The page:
Celia B. Whitehead (1844-1932)

By Flora Boros, Independent Historian & Curator

This biographical sketch was first published on the Online Biographical Dictionary of the Woman Suffrage Movement in the United States and appears here by permission. That database is accessible at https://documents.alexanderstreet.com/VOTESforWOMEN

Celia B. Whitehead was a well-known non-conformist writer, pamphleteer, and speaker on social and economic issues such as dress reform, woman’s suffrage, and virtually every battle over human rights for over sixty years.A Christian, feminist, and supporter of the Greenback Party, Whitehead was an active, sometimes radical reformer.

Born on October 13, 1844, in Naugatuck, Connecticut, Celia Josephine Baldwin was one of fourteen children of a Methodist abolitionist minister, Lucius Baldwin and Maria Willard. Likely inspired by her father, she first became interested in social and economic injustices at the age of fifteen, when she studied the Civil War.In March 1869 she married Emory J. Whitehead, a commercial lawyer, and their two sons, Rufus Baldwin and William Carleton, were born in Connecticut in 1871 and 1877.

The Whiteheads likely moved to New Jersey after the birth of their second son, first settling in Bloomfield. By 1889 the family moved to Westfield, where Whitehead became an active member of the Women’s Christian Temperance Union (WCTU). In November 1894 she presented a report on the WCTU of Westfield at the annual meeting of the New Jersey Woman’s Suffrage Association (NJWSA). During this time, Whitehead also became active in the local women’s issues and the suffrage movement, as a member of the Westfield Woman’s Club, and as the Vice President of The Direct Legislation League of New Jersey until 1899. Together with Estella B. Broakaw and Frances E. Russell, Whitehead held a symposium on the “Single Taxation By Representative Women” in 1896.In 1897, Whitehead delivered an address to Elizabeth’s chapter of the WCTU entitled “Citizenship to Human Brotherhood,” as well as spoke at the state meeting of the NJWSA.

Notably, Whitehead led a local petition, leveraging 220 citizens of Bloomfield, to ask the New Jersey Legislature for the restoration of full suffrage, which had been unconstitutionally taken away from women in 1807. On February 13, 1884, a special committee of the New Jersey Assembly granted them a hearing. The Committee was presented with a 1776 copy of the state constitution, wherein the words “all inhabitants” was substituted for those of “male freeholders” in the suffrage clause, thereby granting suffrage to women and men of color. Although the Committee favorably heard the measure, it was defeated by 27 nays to 24 years.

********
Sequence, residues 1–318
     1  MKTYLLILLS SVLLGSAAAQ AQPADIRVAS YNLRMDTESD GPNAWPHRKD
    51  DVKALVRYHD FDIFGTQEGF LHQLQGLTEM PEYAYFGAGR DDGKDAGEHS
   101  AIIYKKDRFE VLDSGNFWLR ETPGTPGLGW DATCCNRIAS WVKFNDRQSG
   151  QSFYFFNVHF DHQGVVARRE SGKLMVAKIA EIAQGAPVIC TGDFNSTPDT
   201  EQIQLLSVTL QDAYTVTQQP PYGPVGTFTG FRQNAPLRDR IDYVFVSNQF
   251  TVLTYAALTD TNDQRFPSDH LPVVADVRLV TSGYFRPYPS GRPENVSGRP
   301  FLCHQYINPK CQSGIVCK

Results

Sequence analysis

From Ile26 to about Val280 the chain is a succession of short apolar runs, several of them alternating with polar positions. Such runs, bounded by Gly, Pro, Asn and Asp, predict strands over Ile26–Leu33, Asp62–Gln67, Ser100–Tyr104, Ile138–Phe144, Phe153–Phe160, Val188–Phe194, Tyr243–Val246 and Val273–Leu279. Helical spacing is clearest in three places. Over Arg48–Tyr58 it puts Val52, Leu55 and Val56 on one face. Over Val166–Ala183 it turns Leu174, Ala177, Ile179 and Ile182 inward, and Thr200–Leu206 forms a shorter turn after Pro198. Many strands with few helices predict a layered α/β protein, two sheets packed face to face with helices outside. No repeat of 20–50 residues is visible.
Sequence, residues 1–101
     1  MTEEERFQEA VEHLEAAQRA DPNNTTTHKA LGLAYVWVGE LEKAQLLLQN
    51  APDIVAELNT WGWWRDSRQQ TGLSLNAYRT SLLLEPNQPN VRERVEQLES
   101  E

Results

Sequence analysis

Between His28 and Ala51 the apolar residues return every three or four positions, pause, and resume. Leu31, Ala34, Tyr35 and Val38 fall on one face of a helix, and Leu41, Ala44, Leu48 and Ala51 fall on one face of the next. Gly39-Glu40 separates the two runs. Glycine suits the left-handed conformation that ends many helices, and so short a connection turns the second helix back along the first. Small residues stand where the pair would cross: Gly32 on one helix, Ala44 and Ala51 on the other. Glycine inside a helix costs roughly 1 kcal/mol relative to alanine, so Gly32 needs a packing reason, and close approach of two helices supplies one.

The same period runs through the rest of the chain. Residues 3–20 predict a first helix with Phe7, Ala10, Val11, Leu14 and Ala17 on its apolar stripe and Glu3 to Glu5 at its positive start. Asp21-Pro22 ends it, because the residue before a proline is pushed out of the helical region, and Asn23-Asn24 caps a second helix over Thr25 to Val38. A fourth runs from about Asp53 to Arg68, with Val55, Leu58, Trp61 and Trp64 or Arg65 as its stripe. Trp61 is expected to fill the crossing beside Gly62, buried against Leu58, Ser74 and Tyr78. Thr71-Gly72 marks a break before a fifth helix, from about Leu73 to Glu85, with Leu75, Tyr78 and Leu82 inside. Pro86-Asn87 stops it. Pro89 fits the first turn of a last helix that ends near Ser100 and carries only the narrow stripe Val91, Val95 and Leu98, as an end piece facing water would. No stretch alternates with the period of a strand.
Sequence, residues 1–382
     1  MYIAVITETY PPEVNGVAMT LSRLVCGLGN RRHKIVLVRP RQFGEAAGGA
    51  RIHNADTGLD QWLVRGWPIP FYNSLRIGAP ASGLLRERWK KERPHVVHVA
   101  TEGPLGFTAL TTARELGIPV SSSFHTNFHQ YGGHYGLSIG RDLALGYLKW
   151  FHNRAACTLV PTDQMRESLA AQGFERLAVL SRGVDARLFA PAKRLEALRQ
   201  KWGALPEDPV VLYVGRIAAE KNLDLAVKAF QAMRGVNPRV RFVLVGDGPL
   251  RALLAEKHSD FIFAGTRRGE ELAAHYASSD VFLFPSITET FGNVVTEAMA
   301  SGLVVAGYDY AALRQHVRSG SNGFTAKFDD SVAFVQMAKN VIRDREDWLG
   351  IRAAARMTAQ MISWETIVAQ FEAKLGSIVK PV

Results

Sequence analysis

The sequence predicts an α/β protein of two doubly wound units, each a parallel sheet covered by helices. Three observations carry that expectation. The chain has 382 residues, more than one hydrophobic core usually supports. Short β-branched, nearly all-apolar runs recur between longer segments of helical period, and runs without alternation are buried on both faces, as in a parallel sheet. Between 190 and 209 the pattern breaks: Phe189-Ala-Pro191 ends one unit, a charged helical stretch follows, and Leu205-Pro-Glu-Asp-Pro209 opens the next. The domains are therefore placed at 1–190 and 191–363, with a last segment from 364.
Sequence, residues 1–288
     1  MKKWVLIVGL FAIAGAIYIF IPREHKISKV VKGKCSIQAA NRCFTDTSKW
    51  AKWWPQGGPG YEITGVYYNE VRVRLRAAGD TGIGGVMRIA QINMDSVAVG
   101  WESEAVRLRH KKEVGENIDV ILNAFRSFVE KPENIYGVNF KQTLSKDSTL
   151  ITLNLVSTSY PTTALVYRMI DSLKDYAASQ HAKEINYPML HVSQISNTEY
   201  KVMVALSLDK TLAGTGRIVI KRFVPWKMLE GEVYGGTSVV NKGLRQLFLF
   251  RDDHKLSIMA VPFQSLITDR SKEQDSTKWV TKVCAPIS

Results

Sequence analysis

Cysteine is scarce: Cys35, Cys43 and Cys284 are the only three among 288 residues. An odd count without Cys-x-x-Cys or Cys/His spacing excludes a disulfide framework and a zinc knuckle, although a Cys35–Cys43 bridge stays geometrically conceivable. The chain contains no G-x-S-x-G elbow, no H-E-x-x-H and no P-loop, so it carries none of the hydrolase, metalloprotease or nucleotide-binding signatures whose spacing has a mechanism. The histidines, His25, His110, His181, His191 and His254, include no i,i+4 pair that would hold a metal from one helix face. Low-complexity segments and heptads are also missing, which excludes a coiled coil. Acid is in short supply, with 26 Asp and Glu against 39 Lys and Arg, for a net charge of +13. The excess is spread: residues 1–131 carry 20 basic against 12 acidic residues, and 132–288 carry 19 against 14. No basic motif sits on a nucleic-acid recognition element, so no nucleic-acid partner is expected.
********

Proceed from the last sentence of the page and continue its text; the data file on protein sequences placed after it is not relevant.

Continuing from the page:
Whitehead published under her own name, as well as under various pseudonyms, including Elizabeth Josephine Jackson and Henrietta James. Under the latter, Whitehead published a “Another Chapter of The Bostonians” (1887).The twenty-seven page pamphlet extended Henry James’ 1886 anti-suffragist novel in providing a closing chapter to address its problematic closure of a marriage between a talented suffrage orator and a violent, conservative anti-suffragist. Here, Whitehead makes the novel’s implied message for female activists explicit: the political is always personal.

Under her married name, Whitehead’s anti-establishment reform writings and letters to the editor were published and circulated in papers across the country.She admonished, for example, the “poor authorities” of Newark’s gendered division of “worthy” and “unworthy”community members under their purview; Whitehead bluntly commented, “This woman was not worthy; therefore I knew you would not take care of her.” In her local critique of New York City’s extensive economic divide, “And Life is Cheap,” (1896) Whitehead argued against anti-suffragists by quipping “are you not afraid that some of us women will begin to think that men ‘don’t know enough to vote?’” Whitehead’s voice was especially prominent locally, due to her position as editor of the “Woman’s Sphere” section in The Union County Standard of Westfield throughout the 1890s.